I’ve been thinking about school dinners today. I think we’re divided into those who loved school dinners and those who did not.
I loved my school dinners. A hungry child, I loved the smell of cooking wafting up the hallways after break. The scent of puddings baking, dinners roasting, was almost too much to bear as I tried to concentrate on numbers and grammar.
There wasn’t anything I didn’t like, though seeing a girl, forced to finish her pudding, vomiting in her semolina was a bit much to swallow. But other than semolina I loved it all. The liver and onions, oh, the pie and mash, the peas, and carrots, even the cabbage. It was all proper food. Cooked from scratch by fierce-looking women in the school canteen, it would have been local too. Shepherds’ pies, cheese pies, fish on Fridays this was the stuff I dreamed of.
But my real dreams, my true obsessions were the puddings.
With the exception of semolina – for obvious reasons – I adored the puddings. Tall and skinny with hollow legs, I always had room for pudding, even after seconds of dinner. Jam sponge, coconut sponge, jam roly-poly, jelly and fruit with a blob of tinned cream on the top. Oh, the trifles and fruit tarts and exotic French horns, rock buns hard enough to stun a school bully if thrown from the right distance.
But my favourite pudding, my most absolutely best day ever – and I did judge the quality of the day on the standard of pudding – my most fabulous day in the world was when Gypsy Tart was on the menu.
In Kent, where I went to school, Gypsy tart was regularly on the menu but as a regional dish dating back over 100 years, not many have heard of it, let alone tried its delights as a child.
A pastry case, filled to the brim with whipped evaporated milk and dark brown sugar, it was baked to quivering perfection. Silky on the tongue with the crumb of buttery pastry beneath, the sugars caramelised to soft toffee goodness, it was without a doubt the queen of all puddings, knocking the so-called Queen of puddings into a custard-filled hat.
With fondest memories of Gypsy Tart – the name is said to come from a time when Kentish wives would make it for the children of the Travellers who came to work on the farms picking hops and apples – I searched for a recipe and reproduced the stuff of my childhood dreams. One bite and I was back to 8 years old, scabby kneed, legs swinging on my chair at the sheer joy of each bite.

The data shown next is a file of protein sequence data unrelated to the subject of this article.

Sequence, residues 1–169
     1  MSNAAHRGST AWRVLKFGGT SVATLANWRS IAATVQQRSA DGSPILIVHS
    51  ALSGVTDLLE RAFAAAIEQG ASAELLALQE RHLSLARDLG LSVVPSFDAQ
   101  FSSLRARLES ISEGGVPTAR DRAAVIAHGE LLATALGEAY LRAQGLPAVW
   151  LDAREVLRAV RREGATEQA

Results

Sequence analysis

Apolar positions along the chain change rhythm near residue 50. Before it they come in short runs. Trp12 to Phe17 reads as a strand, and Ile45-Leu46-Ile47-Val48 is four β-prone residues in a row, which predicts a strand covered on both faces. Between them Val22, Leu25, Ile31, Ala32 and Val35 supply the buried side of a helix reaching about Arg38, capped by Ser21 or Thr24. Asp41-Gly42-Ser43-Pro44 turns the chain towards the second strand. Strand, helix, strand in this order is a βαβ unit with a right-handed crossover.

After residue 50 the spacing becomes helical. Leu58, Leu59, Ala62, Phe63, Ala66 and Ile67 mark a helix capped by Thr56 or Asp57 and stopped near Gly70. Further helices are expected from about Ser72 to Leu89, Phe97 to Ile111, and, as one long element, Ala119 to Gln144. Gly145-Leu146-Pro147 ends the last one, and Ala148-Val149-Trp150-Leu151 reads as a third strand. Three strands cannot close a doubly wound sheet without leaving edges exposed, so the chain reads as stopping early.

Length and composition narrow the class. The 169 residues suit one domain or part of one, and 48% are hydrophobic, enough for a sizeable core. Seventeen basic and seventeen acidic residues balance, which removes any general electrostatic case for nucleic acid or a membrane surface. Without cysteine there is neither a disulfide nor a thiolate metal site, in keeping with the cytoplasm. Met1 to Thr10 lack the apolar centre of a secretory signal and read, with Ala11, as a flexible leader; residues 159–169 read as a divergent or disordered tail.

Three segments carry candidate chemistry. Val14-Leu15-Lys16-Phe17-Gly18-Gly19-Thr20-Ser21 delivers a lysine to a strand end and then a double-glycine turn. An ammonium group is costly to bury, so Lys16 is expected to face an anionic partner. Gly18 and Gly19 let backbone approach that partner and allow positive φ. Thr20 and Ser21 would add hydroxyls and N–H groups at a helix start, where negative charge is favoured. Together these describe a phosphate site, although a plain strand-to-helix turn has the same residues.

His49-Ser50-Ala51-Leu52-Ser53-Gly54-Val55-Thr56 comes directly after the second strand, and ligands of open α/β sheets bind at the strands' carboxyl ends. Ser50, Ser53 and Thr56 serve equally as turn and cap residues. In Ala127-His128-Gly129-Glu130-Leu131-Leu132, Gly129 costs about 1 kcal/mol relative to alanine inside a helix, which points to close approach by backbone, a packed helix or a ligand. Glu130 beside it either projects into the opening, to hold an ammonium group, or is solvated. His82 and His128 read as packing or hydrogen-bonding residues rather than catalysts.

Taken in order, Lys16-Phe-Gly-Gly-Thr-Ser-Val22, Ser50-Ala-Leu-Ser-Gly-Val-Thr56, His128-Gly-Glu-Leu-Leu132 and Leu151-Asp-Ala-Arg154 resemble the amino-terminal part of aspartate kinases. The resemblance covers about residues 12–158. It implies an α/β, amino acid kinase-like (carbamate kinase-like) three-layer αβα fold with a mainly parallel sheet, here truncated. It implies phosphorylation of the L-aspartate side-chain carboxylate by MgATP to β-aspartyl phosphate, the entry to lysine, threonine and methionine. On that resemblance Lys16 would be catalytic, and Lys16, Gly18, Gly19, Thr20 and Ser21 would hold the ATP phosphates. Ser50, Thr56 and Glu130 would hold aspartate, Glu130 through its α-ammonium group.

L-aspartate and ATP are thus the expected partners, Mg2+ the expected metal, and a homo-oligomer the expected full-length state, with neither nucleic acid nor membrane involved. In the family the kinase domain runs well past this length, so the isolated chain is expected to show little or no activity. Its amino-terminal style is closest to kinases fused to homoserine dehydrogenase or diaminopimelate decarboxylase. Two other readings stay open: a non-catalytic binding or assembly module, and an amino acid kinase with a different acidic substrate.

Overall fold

Grown-up me winced at the impossible sweetness of the tart, saving half my portion for later when the sugar rush had eased, the tremors in my hands had stopped and my vision had returned.
It’s no wonder we ran around the playground screaming at the top of our voices, ramming into each other and any immovable objects. We were all smashed out of our heads on sugar. God only knows what we were like to teach after that.
I am tempted, in these days of added worry and stress, to bake a Gypsy tart again, if only to recreate the joy it used to bring me. Never mind the low sugar, gluten-free trends of today, maybe I could recreate my absolute bestest most fabulous day one pudding at a time? Bananas and custard next?
I’d love to hear what your favourite school dinners were? Did you love them? Did you hate them? Drop me a line in the comments. Xxx
In need of a sugar rush?
Gypsy Tart – don’t worry about servings you won’t want to share it!
300g plain flour
1 tbls caster sugar
Pinch of salt
1 egg beaten
410g can of Evaporated milk
300g Dark brown sugar
Pinch of salt
Line a pie dish and prick, brush with egg and bake blind for 20 min @ 160’c. (I have a fan oven, adjust temp if yours is not)
Remove from oven and cool, turning down oven temp to 100’c
Put evap and brown sugar in a food processor or electric hand held whisk and whip for 15 min until pale, fluffy and doubled in size.
Pour into the pastry case and pop into oven for 20.
Remove and let cool before serving.
*********Under no circumstances must you be fooled into serving it with slices of apple or lemon cream – this is just a ploy by weirdos on the internet to make this obviously ridiculously unhealthy pudding into one of your five a day. Save the apple for another day and just enjoy the sugary goodness.